I have read a number of biographies of FDR and Churchill as well as history books on WW II. I thought that I knew everything about both men.
Well, I didn't. It's not that Jon Meacham provides that much new material in this book--though there are some new letters and previously unreleased documents-it's that he molds what has been out there into a fascinating study of the personalities of the two men. I may not have learned new facts about these men but I gained greater insight into not only their friendship but also their marriages, their characters, and their lives from this study. Both men became more fully realized, more human, more alive in this book.
"Franklin and Winston" follows a simple, chronological structure. It begins with a phone call from Roosevelt to Churchill (who was not yet Prime Minister) at the onset of WW II in Europe; it ends for the most part with the death of Roosevelt and Churchill's inability to attend his funeral. In between, yes, you see all the major events of WW II on the European front. But you also see a Churchill trying to woo Roosevelt-and through his efforts, the neediness in his personality, the boy trying to please. You also realize the tremendous feeling that Churchill had for his American forebearers (his mother was American) and the sincere emotion that he was capable of even at the most difficult of times. With Roosevelt, you see the caginess of his personality, the boy who was the center of his parents' universe and now really was the center of the world. You see in greater depth the feeling that he did have for his wife Eleanor, even though he was spending time in his last days with his former love Lucy Rutherford. You see his ability to charm Churchill--and then turn off the charm.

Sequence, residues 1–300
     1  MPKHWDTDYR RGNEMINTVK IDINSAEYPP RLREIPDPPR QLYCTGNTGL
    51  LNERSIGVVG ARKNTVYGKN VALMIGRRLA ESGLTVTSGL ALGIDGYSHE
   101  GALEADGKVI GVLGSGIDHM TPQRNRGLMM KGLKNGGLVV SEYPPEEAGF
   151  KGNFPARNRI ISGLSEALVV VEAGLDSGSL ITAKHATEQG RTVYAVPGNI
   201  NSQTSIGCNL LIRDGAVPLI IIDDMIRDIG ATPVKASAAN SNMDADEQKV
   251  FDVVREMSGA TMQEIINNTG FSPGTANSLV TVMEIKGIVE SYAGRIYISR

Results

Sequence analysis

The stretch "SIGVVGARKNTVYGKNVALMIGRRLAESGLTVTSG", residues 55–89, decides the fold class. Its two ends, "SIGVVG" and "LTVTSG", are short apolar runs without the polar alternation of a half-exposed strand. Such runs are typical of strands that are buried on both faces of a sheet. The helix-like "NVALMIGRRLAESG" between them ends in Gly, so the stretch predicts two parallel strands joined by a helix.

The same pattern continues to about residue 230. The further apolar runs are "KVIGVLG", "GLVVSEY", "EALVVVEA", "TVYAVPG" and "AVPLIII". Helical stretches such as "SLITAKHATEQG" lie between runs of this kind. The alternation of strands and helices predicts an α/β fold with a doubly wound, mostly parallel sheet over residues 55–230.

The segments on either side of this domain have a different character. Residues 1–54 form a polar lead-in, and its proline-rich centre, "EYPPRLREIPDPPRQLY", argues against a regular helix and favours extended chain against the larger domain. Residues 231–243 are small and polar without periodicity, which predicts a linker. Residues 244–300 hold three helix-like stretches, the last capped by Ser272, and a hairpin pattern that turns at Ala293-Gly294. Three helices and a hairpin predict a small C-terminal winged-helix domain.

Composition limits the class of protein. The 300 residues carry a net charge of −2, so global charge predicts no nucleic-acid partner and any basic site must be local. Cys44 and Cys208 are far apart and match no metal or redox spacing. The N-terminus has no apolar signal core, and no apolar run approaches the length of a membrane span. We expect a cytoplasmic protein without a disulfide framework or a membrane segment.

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17 of 17 people found the following review helpful By C. M. Carson on December 18, 2005
Format: Hardcover
The news of the bombing of Pearl Harbor filled the airwaves while I sewed myself a dirndl skirt in the early winter of 1941. I was six weeks past my fourteenth birthday, and the war that was declared that day would coincide with my high school years, ending with the dropping of the atomic bomb just before I went off to the university.

Franklin Roosevelt was elected to his first term as president about the same time I turned four. For fourteen years he was central to the radio broadcasts, newspaper stories and newsreels that came to us daily.

Beginning with the invasion of Poland in 1939, children were used to being admonished, "Be quiet! We want to hear the news!" Winston Churchill frequently figured in that news.

Reading Meacham's account of the remarkable friendship that grew up between the two leaders of the free and English-speaking world as they struggled with terrible losses of men and materiel and tragic defeats in battle and yet persisted on to win the war, I often could read only a few pages without pausing to wipe away tears and give myself a respite from the overwhelming pathos of their terrible responsibilities.

Nostalgia perhaps intensified my reaction, as old familiar terms like Tobruk, El Alamein, and Lend-Lease reverberated from my past, but surely no one could fail to be moved to tears by the closely personal, first-hand accounts of these two so humanly flawed but historically transcendent men.